I like to try to research my collateral lines in order to find out more about my direct ancestors. For my maternal side it wasn’t all that hard because my grandfather only had 3 sisters and 1 brother and his brother never married! His oldest sister died giving birth to her first child. His next oldest sister’s granddaughter is one of those who helped to get me started in my genealogical journey and his youngest sister is also easy to chronicle as I have been able to stay in touch with her grandson.
My father’s side is a little different story! My paternal grandfather had 8 brothers and 4 sisters! Most of my research on his siblings has been fruitful but there is a couple who have become my biggest brick walls! I’d like to feature one of his brothers today. Maybe someone will happen upon this post and be able to help me out.
The oldest child of James Isaic Spangler and Mary Ellen Deacon was Martin Isaic Spangler. What I know about him I have been able to gather from my cousin who has done some research on the Spangler side. Not a lot is known about him and what I have is mainly gathered from census records. There is quite a bit of information that my cousin has that doesn’t quite match with the census records but I will take the census records at their word and go from there. I am first able to find Martin in the 1870 U. S. Census in Arkansas.
It shows his age at 2, which leads me to assume that he was born in either 1867 or 1868. There’s really nothing more to assume here!
In the 1880 U. S. Census, we find that everything still checks out. His age is given as 12 and that keeps with what the 1870 census gave. Of course, there are numerous siblings added here. Still, there is nothing more to build on!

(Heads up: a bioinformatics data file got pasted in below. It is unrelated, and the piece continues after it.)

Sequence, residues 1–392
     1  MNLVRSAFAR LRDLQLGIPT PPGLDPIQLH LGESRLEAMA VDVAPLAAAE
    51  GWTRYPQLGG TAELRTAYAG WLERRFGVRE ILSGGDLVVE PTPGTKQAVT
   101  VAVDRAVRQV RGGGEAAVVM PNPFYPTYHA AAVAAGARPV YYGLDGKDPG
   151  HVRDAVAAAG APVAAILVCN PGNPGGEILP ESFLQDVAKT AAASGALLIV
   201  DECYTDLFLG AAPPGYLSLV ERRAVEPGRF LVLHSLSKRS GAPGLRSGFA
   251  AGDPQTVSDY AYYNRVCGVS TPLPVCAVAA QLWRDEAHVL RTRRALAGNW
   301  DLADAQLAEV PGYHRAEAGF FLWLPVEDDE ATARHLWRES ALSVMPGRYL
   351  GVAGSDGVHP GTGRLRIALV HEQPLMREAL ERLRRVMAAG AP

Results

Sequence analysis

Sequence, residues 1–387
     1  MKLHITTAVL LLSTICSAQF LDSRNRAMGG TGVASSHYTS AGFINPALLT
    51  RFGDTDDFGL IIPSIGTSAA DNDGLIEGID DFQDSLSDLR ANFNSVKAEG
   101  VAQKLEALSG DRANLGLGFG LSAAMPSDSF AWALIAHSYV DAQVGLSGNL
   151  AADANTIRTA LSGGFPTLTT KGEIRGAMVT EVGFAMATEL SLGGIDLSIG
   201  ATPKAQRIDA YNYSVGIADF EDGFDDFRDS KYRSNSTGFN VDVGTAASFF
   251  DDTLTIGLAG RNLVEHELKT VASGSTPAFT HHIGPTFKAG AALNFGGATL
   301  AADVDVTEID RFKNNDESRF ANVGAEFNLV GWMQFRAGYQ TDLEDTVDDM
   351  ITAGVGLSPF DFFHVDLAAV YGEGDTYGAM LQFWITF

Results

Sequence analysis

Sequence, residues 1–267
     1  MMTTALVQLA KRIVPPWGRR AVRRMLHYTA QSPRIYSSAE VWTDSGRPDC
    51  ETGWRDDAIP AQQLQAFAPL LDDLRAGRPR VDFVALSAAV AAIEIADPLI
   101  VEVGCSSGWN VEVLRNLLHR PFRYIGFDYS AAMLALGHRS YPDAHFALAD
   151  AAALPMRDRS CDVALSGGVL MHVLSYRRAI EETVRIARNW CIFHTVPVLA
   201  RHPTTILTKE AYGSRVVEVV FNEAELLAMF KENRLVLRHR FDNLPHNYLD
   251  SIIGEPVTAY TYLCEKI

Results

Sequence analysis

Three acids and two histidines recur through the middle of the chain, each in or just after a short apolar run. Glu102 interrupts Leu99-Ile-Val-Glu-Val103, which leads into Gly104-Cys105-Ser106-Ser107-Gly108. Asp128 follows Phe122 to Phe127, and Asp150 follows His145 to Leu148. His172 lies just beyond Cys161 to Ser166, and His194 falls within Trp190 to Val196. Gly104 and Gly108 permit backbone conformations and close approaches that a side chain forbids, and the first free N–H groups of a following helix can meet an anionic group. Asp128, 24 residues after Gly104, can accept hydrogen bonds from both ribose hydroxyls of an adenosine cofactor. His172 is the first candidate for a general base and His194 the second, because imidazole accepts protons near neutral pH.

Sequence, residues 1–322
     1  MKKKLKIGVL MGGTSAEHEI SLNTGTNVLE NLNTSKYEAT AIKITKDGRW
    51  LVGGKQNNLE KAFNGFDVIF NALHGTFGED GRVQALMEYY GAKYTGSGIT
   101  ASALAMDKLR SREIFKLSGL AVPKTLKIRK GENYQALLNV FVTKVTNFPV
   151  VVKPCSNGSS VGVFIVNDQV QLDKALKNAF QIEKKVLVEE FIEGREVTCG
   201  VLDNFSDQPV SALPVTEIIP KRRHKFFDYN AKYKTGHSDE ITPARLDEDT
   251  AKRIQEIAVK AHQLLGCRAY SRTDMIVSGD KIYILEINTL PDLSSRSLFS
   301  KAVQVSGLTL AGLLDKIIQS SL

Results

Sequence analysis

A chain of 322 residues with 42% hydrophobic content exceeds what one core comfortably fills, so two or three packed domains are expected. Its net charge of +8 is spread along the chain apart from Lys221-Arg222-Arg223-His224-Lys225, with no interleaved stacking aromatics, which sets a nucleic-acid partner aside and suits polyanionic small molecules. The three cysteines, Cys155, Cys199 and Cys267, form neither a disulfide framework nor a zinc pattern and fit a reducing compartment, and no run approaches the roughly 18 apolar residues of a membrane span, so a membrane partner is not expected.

The 1900 U. S. Census in Texas gives us a lot more information! Here we see that Martin is married and has 4 children. The interesting thing here is that it gives his birth date as January of 1864, which makes him 36 years old. That doesn’t float right with the earlier census information. I wonder why that is? Nonetheless, we have learned a little more about Martin from this census.
The 1910 U. S. Census in Texas is very hard to read. I’ve tried to enhance the image but I have had no luck. From the looks of it, I believe that the age given on this census is 50 years old! Seems like ol’ Martin had a tendency of adding a few years, huh?
The 1920 U. S. Census in Texas shows that Martin is no longer around. I did manage to find his wife, Laura living in Dallas Co., Texas with a couple of the children. I can assume that somewhere between 1910 and 1920 Martin died and that is why he isn’t around anymore. I can, however, determine that one of his daughters, Dora, married someone named Neal as her last name is Neal and she has a son named Neal! I don’t know why her husband isn’t listed her though.
The 1930 U. S. Census shows that Laura has now moved to Seminole Co., Oklahoma. She has 3 sons and a daughter-in-law living with her. Another interesting fact is that Laura now shows her age to be 57, compared to 43 in 1920. Isn’t it strange how folks aged on the census? The 57 matches better with her age given in 1900 census when it says she was born in October 1873!
So, there you have it. This is the mystery that is Martin Isaic Spangler. I have been able to ascertain some of his children, a couple of their marriages and at least one grandchild. None of that has given me any leads as to where any of his descendants are now! I have searched many of the Texas databases and found no record of his death. I’ve found no records of Laura’s death. I have no idea what Laura’s maiden name is.
Any ideas on next steps for finding more information?